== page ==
This last point illuminates an important element of BHM: no two people celebrate it in the same way. You may have Black employees who would be more than willing to contribute to planning and programs surrounding Black History Month; conversely, you may have Black employees who do not wish to share their perspectives within the workplace setting. By thoroughly planning and scheduling celebrations, your business can ensure that simultaneously Black History Month is a time for all employees to learn and grow together, while not unwillingly singling out any employees.
Don’t Celebrate Publicly If You’re Not Celebrating Internally
Voicing the importance of Black History Month can be very good for companies, however publicly celebrating BHM should never be used to substitute a lack of internal celebration. “Companies will sometimes post BHM proclamations on their social media or will add a picture with a caption that mentions BHM to their website, which is great! However, if those companies are not backing up their public claims with internal action, their efforts may seem futile at best and deceptive at worst.”
This performative approach to Black History Month publicly highlights the importance of creating equity, while neglecting to do so from within. This dissonance creates distrust among employees and customers, who may already be skeptical of whether a company’s BHM social media extends beyond a marketing strategy.
To prevent this is simple; stress the importance of BHM from the company’s perspective. While a national holiday, Black History Month is a time to self analyze and understand successes and failures in creating equal, inclusive and diverse workplaces. Although it can be tempting to see BHM as another corporate social responsibility calendar date to frame social media posts around, not using the month as an opportunity to look inward wastes time and builds distrust from within.
Impactree As A Tool For Black History Month
When it comes to companies celebrating Black History Month, it is paramount that they create flexible programs which are tailored to their values and goals. This can manifest in numerous permutations, yet should display an inward- and outward-facing commitment to championing equity and inclusion within the organization. No matter a business’ size, values or industry, it is important that the recognition Black History Month be observed in a way which includes resources to employees, promotes the voices of experts, and displays why Black History Month is important to all employees. At Impactree, our platform is designed to simplify complex CSR programs and schedules like those around BHM, allowing customers to centralize impactful resources all in one user-friendly place.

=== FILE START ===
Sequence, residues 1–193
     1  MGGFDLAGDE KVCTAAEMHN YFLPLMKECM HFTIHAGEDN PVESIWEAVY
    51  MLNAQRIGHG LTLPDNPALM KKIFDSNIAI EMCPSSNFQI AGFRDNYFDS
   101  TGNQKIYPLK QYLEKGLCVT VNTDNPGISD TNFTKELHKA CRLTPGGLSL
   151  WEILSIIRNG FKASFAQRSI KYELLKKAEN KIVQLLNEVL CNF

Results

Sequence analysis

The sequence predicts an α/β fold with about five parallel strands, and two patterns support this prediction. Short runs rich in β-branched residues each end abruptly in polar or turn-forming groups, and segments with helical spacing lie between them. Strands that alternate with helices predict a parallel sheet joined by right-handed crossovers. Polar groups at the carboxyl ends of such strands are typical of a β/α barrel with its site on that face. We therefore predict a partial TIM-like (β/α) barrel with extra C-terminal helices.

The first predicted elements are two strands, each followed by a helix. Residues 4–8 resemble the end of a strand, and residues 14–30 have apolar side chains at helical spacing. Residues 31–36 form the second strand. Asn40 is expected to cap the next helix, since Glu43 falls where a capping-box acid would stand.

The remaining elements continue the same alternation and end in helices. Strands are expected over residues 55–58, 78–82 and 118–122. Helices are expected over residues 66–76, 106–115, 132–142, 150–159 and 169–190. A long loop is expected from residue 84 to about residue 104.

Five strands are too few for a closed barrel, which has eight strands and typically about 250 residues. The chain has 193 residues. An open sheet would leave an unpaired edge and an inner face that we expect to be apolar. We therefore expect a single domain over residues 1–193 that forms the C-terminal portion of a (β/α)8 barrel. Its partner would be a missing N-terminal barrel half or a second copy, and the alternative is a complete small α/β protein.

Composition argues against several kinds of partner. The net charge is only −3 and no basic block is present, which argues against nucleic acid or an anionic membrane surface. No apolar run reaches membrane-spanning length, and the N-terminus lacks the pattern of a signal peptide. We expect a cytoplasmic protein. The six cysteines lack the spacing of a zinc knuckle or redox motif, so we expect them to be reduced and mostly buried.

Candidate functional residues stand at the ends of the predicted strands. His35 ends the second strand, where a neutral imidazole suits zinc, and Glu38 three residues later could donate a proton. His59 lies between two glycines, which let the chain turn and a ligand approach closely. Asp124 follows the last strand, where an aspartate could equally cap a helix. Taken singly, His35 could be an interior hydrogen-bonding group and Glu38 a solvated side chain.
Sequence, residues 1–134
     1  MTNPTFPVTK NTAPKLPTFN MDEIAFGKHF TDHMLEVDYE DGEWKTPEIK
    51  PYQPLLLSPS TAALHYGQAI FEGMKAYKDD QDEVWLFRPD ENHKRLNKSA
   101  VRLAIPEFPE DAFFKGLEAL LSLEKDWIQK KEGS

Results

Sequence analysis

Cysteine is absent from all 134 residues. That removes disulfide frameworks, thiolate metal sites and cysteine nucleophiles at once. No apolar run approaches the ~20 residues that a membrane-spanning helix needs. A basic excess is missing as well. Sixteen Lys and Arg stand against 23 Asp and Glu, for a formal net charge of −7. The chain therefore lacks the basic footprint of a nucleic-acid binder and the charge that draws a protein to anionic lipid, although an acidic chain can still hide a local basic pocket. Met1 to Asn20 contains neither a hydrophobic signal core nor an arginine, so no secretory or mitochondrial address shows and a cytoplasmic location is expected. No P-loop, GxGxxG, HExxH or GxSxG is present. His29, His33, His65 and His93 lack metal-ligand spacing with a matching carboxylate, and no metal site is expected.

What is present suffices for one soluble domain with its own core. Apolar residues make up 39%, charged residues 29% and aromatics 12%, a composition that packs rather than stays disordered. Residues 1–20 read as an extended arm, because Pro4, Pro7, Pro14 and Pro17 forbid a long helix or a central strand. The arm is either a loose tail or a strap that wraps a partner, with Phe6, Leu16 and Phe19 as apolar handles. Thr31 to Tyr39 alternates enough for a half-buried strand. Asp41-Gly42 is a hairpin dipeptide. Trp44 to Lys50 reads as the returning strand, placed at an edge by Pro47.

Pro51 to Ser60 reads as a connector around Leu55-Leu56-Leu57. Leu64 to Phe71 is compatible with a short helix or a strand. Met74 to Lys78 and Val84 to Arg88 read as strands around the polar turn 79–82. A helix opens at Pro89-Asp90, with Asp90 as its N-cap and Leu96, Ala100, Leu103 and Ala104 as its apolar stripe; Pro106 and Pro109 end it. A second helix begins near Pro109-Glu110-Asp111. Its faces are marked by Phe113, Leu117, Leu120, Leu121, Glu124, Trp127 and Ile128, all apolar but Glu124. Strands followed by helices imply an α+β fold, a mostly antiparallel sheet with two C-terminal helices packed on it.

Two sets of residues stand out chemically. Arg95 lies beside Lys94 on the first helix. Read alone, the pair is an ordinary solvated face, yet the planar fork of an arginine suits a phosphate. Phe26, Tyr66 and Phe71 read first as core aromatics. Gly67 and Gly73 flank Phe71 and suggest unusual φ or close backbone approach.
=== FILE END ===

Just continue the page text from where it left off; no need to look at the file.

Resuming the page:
With the power of our Action Hubs, companies can quickly and easily compile expertly sourced resources which highlight the importance of Black History Month, its origins, nonprofits to support, and much more. While we have a bevy of resources to choose from, companies which use Impactree also have the option to create their own actions around the resources they have created or find important. With this, branded Action Hubs can act as a one-stop solution for Black History Month, compiling all literature and initiatives into one webpage that can be easily embedded.
No matter the goals or plans for Black History Month, Impactree offers companies a way to simplify and centralize their goals and outreach. With the demand for remote work continuing to grow, Impactree also offers employees a way to take action during Black History Month at their own pace and at their leisure.
Black History Month As A Jumping Off Point
One of the most criticized elements of Black History Month is the fact that it is only 1/12th of the year. By confining all the accomplishments of Black Americans — along with conversations on present day discrimination and inequity in and out of the workplace — to one singular month, it creates a dissonance between language and action; companies have tough conversations and make vows to work toward deeper inclusion, then go back to the status quo when March comes around.
While Black History Month can act as a time of focus and reflection, don’t let conversations, commitments and goals go to waste on March 1st. Use this Black History Month not as a stop on a CSR journey, but as a jumping off point to create long lasting, impactful strides toward real equity and inclusion within the workplace. Goals like this cannot be achieved over one February, nor summarized in a social media post, but if given enough time and energy, they can make a massive difference on the passion and community of your workforce.